Friday morning, Yangon International Airport.
The plane for Bangkok leaves in 30 minutes. We’re killing time drinking coffee in the extremely expensive Espace Cafe. Usually we go to the lounge and de-stress instead. But the lounge that we have access to has been such a horrible experience the last two times we were there that we chose the cafe instead. At least the coffee here is good.
I just counted our Yangon visits this year. It’s our 5th – and the calendar only says June. With this frequency we end up having spend half of our time in 2013 in Yangon when we reach December.
We don’t mind. We love the place and we love the energy. And now we have a combined office/studio/living space as a base so we don’t have to stay in hotel rooms any more – the most annoying part of our life.
Maybe this is the reason for writing this post. Our new flat/office is not only a place to stay – its the physical manifestation of our dedication to our Project and a sign to all around us that we a determined on starting up several Tings.
So this visit marks the beginning of our new life. A life between new unknown challenges in exploring Yangon and our life with our lovely Nepalese family at Tings in chaotic and medieval Kathmandu. A life between uncertainty and conformity.
We have mixed emotions about Tings in Kathmandu. We miss our staff incredibly much. It’s very hard to be away. But at the same time we’re extremely proud of how they manage to run the place according to the ideas and guidelines we wrote down in a business plan ages ago. It’s almost like letting your children ‘go’ and leave home when they grow up.
For those of you out there who are new to this blog:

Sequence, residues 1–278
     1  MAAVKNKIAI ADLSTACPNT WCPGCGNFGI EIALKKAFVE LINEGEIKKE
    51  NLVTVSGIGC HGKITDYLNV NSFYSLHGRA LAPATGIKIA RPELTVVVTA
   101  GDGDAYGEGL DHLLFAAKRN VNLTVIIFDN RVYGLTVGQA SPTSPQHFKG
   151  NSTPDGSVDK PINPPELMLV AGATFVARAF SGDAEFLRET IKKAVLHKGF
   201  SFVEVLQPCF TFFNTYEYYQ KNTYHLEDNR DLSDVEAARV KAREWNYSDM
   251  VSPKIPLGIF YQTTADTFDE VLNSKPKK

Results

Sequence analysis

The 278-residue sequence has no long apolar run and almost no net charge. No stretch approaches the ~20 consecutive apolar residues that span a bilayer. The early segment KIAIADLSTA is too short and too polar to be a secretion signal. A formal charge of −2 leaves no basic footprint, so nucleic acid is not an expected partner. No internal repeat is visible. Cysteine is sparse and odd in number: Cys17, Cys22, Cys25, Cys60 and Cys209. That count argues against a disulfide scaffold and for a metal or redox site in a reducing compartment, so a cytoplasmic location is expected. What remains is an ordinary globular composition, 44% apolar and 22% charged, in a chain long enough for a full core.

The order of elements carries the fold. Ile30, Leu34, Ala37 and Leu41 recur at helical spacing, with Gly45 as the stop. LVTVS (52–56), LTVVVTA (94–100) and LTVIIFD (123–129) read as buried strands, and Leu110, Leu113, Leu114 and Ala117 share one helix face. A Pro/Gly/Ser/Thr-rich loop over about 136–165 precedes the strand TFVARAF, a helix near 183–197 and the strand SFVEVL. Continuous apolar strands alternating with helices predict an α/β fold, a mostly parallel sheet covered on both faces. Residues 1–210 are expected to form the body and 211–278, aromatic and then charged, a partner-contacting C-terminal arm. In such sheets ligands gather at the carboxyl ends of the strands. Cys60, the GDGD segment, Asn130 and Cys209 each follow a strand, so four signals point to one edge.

The whole idea behind Tings is to set up a small business that can be run and managed by young and talented boys and girls. Without our presence.
To create a business that at the same time generates enough money to support local projects we find and has enough challenges to develop the staffs skills in ways they wouldn’t get access to otherwise. A business where we can teach them the management philosophy that has been a part of our own business life before Nepal: Trust, responsibility, making decisions, focus, attitude, loyalty, dedication and lots of love.
So from our new base in Yangon we not only have the thrill of all the insight we get in this new culture – we also have a completely new insight in how things work in Kathmandu.
You can’t imagine how much it warms our hearts when we read the comments from guests who stayed when we’re not in town.
When we get updates about all the things the staffs take care off, they ask us to buy things from Bangkok etc. Small ‘big’ tokens of their independence.
Of course there are also things that frustrates us – like the other day when we got an Excellent Review on Trip Advisor. Nothing wrong with that 🙂 Not at all…. if it wasn’t because of the ‘average’ score the guest gave us in ‘cleanness’. That really pissed! us off… because the easiest ‘discipline’ to achieve the best score should be cleanness!
We know that our housekeeping cleans very thoroughly every day – the rooms and even cleaning the lounge floor 5 times a day. But small, small things – like dust on out door furniture … and the ash trays are not emptied and cleaned as frequently as they should, and…. – indicates that it’s not clean. And the staff has to recognize these small things.
So at the same time it showed us that even at the best run businesses there are details that need adjustment. And it’s the details that make the difference!
We normally take care of these ‘small’ things ourselves once we see them… But when we’re not at Tings, there is no one to see it – and no one who does it.
Since we’re far away from the daily business and can’t act immediately when something like this happens we are forced to relax and think. But that only gives us a more focused and constructive way to handle the situation. So when we read the review we discussed it and came to the conclusion that maybe we haven’t explained what spotless clean is from a westerners point of view.
For us – being a part of Tings from a distance – is a completely new ‘role’ we have to get used to.
But we will learn…. Promise.
Thomas & Annette